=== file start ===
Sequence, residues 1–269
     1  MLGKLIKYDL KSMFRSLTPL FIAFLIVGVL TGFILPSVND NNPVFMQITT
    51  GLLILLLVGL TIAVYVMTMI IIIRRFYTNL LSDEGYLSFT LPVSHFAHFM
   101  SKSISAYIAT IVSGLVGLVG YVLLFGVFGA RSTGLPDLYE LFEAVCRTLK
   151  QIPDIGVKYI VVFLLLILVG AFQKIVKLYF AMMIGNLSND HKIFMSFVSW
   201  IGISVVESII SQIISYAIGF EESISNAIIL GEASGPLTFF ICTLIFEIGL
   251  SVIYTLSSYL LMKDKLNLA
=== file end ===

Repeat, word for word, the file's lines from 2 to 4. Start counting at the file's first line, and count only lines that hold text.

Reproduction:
     1  MLGKLIKYDL KSMFRSLTPL FIAFLIVGVL TGFILPSVND NNPVFMQITT
    51  GLLILLLVGL TIAVYVMTMI IIIRRFYTNL LSDEGYLSFT LPVSHFAHFM
   101  SKSISAYIAT IVSGLVGLVG YVLLFGVFGA RSTGLPDLYE LFEAVCRTLK